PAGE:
Monday, April 02, 2007

Ten Great Mysteries by Edgar Allan Poe

Edited and with an introduction by Geoff Cronklin; illustrated by Irv Docktor. First published 1960, TAB Books (USA).

Edgar Allan Poe (1809 - 1849) lived a life of tragedy, resulting in a fixation upon death and dying, the macabre and the morbid. Before he died aged 40 (his last words were "God help my poor soul") he lived through the early deaths of his birth mother, his foster mother and his wife. All three died, still young and beautiful, of tuberculosis.

Poe's female characters in his haunting short stories and poems are invariably young, beautiful and slowly dying from mysterious wasting diseases. The stories collected together in this anthology, however, focus on Poe's awesome talent to create an unbearable sense of horror. They also include some of Poe's finest detective stories, including the acknowledged "first" detective story: The Murders in the Rue Morgue (1841), featuring the genius amateur detective M. Dupin. Fifty years later M. Dupin would serve as a model for Sherlock Holmes.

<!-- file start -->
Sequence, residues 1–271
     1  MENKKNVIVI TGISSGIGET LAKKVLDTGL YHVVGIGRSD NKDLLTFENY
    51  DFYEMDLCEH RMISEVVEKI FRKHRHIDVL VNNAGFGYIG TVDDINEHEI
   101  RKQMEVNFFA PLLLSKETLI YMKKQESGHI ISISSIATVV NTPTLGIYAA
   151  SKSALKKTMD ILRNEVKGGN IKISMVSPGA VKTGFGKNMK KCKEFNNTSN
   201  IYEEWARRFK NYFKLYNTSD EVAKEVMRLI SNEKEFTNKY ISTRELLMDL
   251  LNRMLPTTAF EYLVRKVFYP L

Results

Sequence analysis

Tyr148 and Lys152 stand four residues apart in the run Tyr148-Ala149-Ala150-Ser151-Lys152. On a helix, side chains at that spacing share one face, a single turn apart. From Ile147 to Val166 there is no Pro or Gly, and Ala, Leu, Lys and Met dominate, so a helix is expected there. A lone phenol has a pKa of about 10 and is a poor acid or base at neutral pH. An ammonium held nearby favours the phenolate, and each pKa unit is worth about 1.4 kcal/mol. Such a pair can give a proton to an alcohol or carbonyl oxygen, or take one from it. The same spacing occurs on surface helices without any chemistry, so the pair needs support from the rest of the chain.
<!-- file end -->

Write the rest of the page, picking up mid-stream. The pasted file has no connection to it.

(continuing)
A stand-out in this collection is The Tell-tale Heart (in which a man frightens his father to death, only to confess when he later begins to hear the constant sound of his father's heart beating). The Pit and the Pendulum, one of Poe's most famous stories, is also a favourite (I remember first reading it in primary school, as part of that "classics" comic book series).

Poe's use of description to create an overwhelming sense of tension is masterful. His mystery and detective stories, written over 150 years ago using language which is obviously dated, still hold an extraordinary sense of power over the reader. His talent was extraordinary... who knows what else he could have achieved if he'd stayed away from the opium and the alcohol, and his doomed wife Sissy (whom he married when she was 13 and he was 26; he had first met Sissy, his cousin, when she was 6 or 7 years old).

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